Community pharmacy scored a major victory last year when Congress passed a Defense Authorization bill that included the “pro-soldier/pro-savings” provisions that would preserve the prescription at retail option for millions of active U.S. military personnel, veterans and their families. Bush waited until Congress was in recess to veto the bill citing the situation in Iraq. No matter: Congress sent the President a new version of the bill that didn’t include the Iraq provision.
The AMP injunction that has at least temporarily delayed the shift to the new, proposed drug reimbursement model for Medicaid that would have cut billion of dollars at the expense of community pharmacy has been another monumental victory for this industry that has come under Anderson’s leadership. The six-month delay on the introduction of the new tamper-proof pads for Medicaid prescriptions was another.
I don’t think that 13 months ago there was a person in retail pharmacy who thought NACDS would be able to turn the tide on issues so critical to the future of this industry as quickly as it has in Anderson’s first year on the job. Except maybe the NACDS board of directors and the special committee selected two years ago to recruit him.
And perhaps Drug Store News, too; because, as we have written on numerous occasions, and by virtue of our relationship with our sister publication, Nation’s Restaurant News, we know that this is Anderson-ian association management: 101; strictly by the numbers:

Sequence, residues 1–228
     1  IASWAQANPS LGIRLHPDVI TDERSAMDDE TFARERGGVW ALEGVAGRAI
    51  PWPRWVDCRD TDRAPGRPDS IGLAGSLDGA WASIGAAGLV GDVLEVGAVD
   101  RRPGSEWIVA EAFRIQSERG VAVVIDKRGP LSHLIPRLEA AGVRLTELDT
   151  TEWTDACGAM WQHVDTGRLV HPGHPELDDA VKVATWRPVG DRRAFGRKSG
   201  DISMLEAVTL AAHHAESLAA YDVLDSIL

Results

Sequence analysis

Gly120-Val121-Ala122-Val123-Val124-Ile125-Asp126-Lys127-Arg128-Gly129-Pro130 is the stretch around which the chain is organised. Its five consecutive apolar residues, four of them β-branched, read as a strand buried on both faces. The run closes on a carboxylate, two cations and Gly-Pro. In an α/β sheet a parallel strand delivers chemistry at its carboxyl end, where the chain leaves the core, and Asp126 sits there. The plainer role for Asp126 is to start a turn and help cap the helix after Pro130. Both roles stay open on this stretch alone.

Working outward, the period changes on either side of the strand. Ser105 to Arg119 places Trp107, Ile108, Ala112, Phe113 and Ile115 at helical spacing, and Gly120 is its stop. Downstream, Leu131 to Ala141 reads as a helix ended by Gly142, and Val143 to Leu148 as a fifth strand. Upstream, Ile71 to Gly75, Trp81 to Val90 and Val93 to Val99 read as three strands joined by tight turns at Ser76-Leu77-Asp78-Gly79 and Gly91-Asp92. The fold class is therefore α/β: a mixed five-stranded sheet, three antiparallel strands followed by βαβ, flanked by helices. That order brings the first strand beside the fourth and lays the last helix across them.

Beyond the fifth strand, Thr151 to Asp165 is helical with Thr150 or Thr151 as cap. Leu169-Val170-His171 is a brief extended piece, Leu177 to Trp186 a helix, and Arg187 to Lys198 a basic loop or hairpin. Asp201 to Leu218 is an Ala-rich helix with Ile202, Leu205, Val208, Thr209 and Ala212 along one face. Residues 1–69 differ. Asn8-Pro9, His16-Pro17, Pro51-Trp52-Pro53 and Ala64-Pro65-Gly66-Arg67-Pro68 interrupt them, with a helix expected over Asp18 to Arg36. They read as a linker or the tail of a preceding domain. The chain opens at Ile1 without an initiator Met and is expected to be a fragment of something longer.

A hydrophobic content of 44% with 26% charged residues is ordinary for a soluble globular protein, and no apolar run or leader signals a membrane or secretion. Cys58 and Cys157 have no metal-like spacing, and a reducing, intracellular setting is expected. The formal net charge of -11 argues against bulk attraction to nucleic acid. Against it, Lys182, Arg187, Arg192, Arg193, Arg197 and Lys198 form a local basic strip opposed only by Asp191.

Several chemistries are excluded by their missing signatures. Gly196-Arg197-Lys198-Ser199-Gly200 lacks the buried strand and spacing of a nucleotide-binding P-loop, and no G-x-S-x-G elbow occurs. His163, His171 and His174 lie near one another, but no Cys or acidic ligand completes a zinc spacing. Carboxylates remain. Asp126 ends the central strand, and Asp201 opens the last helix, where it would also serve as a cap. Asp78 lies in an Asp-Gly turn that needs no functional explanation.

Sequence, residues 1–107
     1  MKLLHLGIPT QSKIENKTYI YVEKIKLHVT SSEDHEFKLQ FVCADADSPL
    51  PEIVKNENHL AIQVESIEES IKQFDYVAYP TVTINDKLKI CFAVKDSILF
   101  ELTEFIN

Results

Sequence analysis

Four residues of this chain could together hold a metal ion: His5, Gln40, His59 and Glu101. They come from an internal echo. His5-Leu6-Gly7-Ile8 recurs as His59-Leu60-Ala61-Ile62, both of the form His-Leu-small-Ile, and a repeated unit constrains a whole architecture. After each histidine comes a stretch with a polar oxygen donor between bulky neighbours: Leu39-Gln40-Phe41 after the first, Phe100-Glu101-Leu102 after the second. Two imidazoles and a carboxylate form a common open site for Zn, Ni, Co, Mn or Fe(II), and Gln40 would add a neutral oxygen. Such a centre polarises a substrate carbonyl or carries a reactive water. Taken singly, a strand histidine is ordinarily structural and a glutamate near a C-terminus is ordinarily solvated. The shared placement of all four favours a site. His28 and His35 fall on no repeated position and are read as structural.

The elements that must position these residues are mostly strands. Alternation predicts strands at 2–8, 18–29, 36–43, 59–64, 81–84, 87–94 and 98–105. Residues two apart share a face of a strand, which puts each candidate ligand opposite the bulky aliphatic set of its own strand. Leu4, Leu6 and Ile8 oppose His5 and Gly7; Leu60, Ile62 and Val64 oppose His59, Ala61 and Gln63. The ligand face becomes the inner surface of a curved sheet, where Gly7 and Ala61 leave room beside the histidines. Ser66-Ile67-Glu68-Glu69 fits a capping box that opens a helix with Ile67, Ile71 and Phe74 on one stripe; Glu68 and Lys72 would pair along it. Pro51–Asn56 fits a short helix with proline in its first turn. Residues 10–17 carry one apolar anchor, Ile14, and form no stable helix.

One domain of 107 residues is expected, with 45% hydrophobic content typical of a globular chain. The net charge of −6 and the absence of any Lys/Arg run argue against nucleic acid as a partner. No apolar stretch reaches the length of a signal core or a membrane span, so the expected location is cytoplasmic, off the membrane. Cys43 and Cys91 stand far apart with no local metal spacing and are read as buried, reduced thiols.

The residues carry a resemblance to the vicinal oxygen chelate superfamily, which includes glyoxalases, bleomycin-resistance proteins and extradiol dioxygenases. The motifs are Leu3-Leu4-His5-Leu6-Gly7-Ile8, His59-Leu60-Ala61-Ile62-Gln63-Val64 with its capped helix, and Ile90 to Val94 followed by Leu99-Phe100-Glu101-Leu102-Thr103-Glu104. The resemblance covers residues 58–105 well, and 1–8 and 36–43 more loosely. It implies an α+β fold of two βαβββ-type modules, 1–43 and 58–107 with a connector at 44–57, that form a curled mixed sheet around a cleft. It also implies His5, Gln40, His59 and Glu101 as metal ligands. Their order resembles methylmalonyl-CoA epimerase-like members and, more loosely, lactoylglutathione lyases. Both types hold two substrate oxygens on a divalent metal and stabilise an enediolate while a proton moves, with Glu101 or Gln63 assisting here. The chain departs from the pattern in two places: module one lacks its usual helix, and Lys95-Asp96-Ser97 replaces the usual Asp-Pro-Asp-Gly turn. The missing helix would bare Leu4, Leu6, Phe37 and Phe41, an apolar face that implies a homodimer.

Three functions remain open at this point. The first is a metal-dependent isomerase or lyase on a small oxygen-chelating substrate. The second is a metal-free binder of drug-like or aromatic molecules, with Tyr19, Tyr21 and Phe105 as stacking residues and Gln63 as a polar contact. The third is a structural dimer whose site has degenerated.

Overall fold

$750 billion in annual revenues.
employing more than 3.2 million people.
total payroll exceeding $68 billion.
responsible for more than $10 billion in federal income tax; more than $20 million in state sales tax.
with perhaps the best chance of any other healthcare stakeholder to do anything to reduce the estimated $177 billion this country pays annually in costs associated with poor drug adherence and compliance, and the $1.3 trillion we pay to treat the seven most chronic health conditions in America—not prevent, but treat.
That’s the story of community pharmacy; it’s a strong message and these days it reads loud and clear.
So, one year into his leadership of NACDS and as he himself cautions, there are still plenty of mountains that lie ahead for this industry. But you have to like the direction Steve Anderson has this industry pointed in these days; either that, or you must be rooting for the other side.